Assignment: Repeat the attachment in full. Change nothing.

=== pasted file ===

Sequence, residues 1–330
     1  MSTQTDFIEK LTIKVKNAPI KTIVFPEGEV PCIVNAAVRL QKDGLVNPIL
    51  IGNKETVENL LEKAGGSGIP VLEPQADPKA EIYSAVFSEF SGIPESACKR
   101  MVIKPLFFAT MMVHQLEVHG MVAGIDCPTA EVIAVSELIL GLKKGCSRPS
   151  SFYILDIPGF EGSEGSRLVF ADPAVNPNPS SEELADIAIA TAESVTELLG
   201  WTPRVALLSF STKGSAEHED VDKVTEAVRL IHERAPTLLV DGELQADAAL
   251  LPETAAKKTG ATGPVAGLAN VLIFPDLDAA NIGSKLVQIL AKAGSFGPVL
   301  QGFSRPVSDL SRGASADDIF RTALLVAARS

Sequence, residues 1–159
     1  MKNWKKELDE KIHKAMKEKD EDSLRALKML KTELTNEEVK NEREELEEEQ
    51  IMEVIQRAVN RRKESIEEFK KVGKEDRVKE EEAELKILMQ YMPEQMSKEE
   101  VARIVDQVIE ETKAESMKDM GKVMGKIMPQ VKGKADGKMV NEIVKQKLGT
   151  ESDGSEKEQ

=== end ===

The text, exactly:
Sequence, residues 1–330
     1  MSTQTDFIEK LTIKVKNAPI KTIVFPEGEV PCIVNAAVRL QKDGLVNPIL
    51  IGNKETVENL LEKAGGSGIP VLEPQADPKA EIYSAVFSEF SGIPESACKR
   101  MVIKPLFFAT MMVHQLEVHG MVAGIDCPTA EVIAVSELIL GLKKGCSRPS
   151  SFYILDIPGF EGSEGSRLVF ADPAVNPNPS SEELADIAIA TAESVTELLG
   201  WTPRVALLSF STKGSAEHED VDKVTEAVRL IHERAPTLLV DGELQADAAL
   251  LPETAAKKTG ATGPVAGLAN VLIFPDLDAA NIGSKLVQIL AKAGSFGPVL
   301  QGFSRPVSDL SRGASADDIF RTALLVAARS

Sequence, residues 1–159
     1  MKNWKKELDE KIHKAMKEKD EDSLRALKML KTELTNEEVK NEREELEEEQ
    51  IMEVIQRAVN RRKESIEEFK KVGKEDRVKE EEAELKILMQ YMPEQMSKEE
   101  VARIVDQVIE ETKAESMKDM GKVMGKIMPQ VKGKADGKMV NEIVKQKLGT
   151  ESDGSEKEQ